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Amy Kind
Claremont McKenna College
  1. The Heterogeneity of the Imagination.Amy Kind - 2013 - Erkenntnis 78 (1):141-159.
    Imagination has been assigned an important explanatory role in a multitude of philosophical contexts. This paper examines four such contexts: mindreading, pretense, our engagement with fiction, and modal epistemology. Close attention to each of these contexts suggests that the mental activity of imagining is considerably more heterogeneous than previously realized. In short, no single mental activity can do all the explanatory work that has been assigned to imagining.
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  2. Knowledge Through Imagination.Amy Kind & Peter Kung (eds.) - 2016 - Oxford, United Kingdom: Oxford University Press UK.
    Imagination is celebrated as our vehicle for escape from the mundane here and now. It transports us to distant lands of magic and make-believe, and provides us with diversions during boring meetings or long bus rides. Yet the focus on imagination as a means of escape from the real world minimizes the fact that imagination seems also to furnish us with knowledge about it. Imagination seems an essential component in our endeavor to learn about the world in which we live--whether (...)
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  3. The Skill of Imagination.Amy Kind - 2020 - In Ellen Fridland & Carlotta Pavese (eds.), Routledge Handbook of Skill and Expertise. Routledge. pp. 335-346.
    We often talk of people as being more or less imaginative than one another – as being better or worse at imagining – and we also compare various feats of imagination to one another in terms of how easy or hard they are. Facts such as these might be taken to suggest that imagination is often implicitly understood as a skill. This implicit understanding, however, has rarely (if ever) been made explicit in the philosophical literature. Such is the task of (...)
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  4. What’s so Transparent about Transparency?Amy Kind - 2003 - Philosophical Studies 115 (3):225-244.
    Intuitions about the transparency of experience have recently begun to play a key role in the debate about qualia. Specifically, such intuitions have been used by representationalists to support their view that the phenomenal character of our experience can be wholly explained in terms of its intentional content.[i] But what exactly does it mean to say that experience is transparent? In my view, recent discussions of transparency leave matters considerably murkier than one would like. As I will suggest, there is (...)
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  5.  50
    Imagining under constraints.Amy Kind - 2016 - In Amy Kind & Peter Kung (eds.), Knowledge Through Imagination. Oxford University Press. pp. 145-159.
    As Hume famously claimed, we are nowhere more free than in our imagination. While this feature of imagination suggests that imagination has a crucial role to play in modal epistemology, it also suggests that imagining cannot provide us with any non-modal knowledge about the world in which we live. This chapter rejects this latter suggestion. Instead it offers an account of “imagining under constraints,” providing a framework for showing when and how an imaginative project can play a justificatory role with (...)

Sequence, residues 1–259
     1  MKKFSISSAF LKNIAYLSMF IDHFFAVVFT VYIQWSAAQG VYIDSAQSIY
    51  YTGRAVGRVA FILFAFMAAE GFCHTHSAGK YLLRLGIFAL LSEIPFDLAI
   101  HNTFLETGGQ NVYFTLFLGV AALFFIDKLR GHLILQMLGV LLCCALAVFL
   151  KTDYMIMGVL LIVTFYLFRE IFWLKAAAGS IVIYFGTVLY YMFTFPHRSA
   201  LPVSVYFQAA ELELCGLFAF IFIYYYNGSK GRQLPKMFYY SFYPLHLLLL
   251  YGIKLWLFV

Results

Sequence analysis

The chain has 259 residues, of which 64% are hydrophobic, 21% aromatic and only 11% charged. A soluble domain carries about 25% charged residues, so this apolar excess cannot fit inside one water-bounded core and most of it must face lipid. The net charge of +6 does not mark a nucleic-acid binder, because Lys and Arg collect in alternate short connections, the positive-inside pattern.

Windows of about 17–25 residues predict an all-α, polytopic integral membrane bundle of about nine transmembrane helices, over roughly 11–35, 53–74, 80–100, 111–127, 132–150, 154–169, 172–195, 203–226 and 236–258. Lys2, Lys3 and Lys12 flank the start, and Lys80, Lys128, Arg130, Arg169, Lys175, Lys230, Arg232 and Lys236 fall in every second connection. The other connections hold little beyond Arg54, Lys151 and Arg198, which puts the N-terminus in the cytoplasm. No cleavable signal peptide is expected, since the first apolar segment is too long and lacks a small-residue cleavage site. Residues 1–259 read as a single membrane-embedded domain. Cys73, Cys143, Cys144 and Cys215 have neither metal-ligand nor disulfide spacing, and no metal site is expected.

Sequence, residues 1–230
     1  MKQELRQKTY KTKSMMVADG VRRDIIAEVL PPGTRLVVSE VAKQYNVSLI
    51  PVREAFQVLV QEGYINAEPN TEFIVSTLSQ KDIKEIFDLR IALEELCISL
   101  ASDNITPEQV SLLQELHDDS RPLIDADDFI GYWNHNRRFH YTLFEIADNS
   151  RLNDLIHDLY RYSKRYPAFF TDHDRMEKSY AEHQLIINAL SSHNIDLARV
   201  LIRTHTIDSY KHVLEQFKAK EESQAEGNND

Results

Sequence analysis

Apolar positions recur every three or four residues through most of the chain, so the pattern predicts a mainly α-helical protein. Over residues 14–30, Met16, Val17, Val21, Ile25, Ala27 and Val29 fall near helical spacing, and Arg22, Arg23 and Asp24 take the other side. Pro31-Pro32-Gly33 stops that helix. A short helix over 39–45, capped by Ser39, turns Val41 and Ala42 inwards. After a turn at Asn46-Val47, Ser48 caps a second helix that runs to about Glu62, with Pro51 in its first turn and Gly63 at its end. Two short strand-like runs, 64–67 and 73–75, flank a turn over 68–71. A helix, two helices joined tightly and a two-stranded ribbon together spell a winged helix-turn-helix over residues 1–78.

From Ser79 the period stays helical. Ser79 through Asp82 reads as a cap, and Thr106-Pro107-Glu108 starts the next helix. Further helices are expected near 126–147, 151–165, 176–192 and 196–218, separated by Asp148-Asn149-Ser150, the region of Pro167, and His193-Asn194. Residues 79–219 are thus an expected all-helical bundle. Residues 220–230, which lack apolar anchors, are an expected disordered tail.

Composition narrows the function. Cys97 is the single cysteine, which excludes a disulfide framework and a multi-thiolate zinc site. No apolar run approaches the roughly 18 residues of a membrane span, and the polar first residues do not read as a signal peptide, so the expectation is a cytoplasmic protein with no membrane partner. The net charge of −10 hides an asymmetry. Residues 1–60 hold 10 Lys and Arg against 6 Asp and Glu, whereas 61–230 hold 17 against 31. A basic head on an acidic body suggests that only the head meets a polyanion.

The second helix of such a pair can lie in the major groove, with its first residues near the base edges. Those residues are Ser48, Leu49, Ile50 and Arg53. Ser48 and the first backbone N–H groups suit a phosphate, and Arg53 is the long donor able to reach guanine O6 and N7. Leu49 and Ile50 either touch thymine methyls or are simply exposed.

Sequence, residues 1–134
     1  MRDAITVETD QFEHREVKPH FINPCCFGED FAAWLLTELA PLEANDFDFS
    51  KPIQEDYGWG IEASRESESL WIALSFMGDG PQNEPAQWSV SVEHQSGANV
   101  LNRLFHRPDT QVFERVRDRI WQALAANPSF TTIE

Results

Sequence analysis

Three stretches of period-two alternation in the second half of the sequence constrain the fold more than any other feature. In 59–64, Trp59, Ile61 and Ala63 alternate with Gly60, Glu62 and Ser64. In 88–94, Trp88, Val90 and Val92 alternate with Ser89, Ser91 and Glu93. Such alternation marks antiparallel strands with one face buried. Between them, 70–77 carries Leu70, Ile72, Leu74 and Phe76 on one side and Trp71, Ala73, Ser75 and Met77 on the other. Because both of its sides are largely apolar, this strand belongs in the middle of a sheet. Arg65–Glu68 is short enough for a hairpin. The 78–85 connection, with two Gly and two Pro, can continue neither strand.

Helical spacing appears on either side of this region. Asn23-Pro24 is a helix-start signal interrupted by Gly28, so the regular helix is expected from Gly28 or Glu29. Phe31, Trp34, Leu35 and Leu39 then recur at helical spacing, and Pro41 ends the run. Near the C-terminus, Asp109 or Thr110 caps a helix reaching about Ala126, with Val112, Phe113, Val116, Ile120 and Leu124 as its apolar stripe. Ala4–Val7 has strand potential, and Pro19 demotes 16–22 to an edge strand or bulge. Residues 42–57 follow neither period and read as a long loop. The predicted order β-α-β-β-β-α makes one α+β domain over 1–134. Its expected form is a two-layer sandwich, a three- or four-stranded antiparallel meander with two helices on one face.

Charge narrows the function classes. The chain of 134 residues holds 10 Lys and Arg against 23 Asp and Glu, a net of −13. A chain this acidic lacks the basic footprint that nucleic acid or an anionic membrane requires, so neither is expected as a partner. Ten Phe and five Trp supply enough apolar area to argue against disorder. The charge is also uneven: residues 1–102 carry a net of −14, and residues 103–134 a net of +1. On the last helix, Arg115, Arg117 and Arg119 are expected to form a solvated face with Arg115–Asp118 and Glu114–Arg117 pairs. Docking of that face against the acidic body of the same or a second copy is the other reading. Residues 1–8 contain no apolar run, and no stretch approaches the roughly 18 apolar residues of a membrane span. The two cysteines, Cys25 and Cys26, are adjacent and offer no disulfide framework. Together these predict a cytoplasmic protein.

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  6. The Puzzle of Imaginative Desire.Amy Kind - 2011 - Australasian Journal of Philosophy 89 (3):421-439.
    The puzzle of imaginative desire arises from the difficulty of accounting for the surprising behaviour of desire in imaginative activities such as our engagement with fiction and our games of pretend. Several philosophers have recently attempted to solve this puzzle by introducing a class of novel mental states—what they call desire-like imaginings or i-desires. In this paper, I argue that we should reject the i-desire solution to the puzzle of imaginative desire. The introduction of i-desires is both ontologically profligate and (...)
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  7. Putting the image back in imagination.Amy Kind - 2001 - Philosophy and Phenomenological Research 62 (1):85-110.
    Despite their intuitive appeal and a long philosophical history, imagery-based accounts of the imagination have fallen into disfavor in contemporary discussions. The philosophical pressure to reject such accounts seems to derive from two distinct sources. First, the fact that mental images have proved difficult to accommodate within a scientific conception of mind has led to numerous attempts to explain away their existence, and this in turn has led to attempts to explain the phenomenon of imagining without reference to such ontologically (...)
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  8.  82
    Epistemic Uses of Imagination.Amy Kind & Christopher Badura (eds.) - 2021 - New York, NY: Routledge.
    Contents: 1) Peter Kung, Why We Need Something Like Imagery; 2) Derek Lam, An Imaginative Person’s Guide to Objective Modality; 3) Rebecca Hanrahan, Crossing Rivers: Imagination and Real Possibilities; 4) Michael Omoge, Imagination, Metaphysical Modality, and Modal Psychology; 5) Joshua Myers, Reasoning with Imagination; 6) Franz Berto, Equivalence in Imagination; 7) Christopher Badura, How Imagination Can Justify; 8) Antonella Mallozzi, Imagination, Inference, and Apriority; 9) Margherita Arcangeli, Narratives and Thought Experiments: Restoring the Role of Imagination; 10) Margot Strohminger, Two Ways (...)
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  9. What Imagination Teaches.Amy Kind - 2020 - In John Schwenkler & Enoch Lambert (eds.), Becoming Someone New: Essays on Transformative Experience, Choice, and Change. Oxford University Press.
    David Lewis has argued that “having an experience is the best way or perhaps the only way, of coming to know what that experience is like”; when an experience is of a sufficiently new sort, mere science lessons are not enough. Developing this Lewisian line, L.A. Paul has suggested that some experiences are epistemically transformative. Until an individual has such an experience it remains epistemically inaccessible to her. No amount of stories and theories and testimony from others can teach her (...)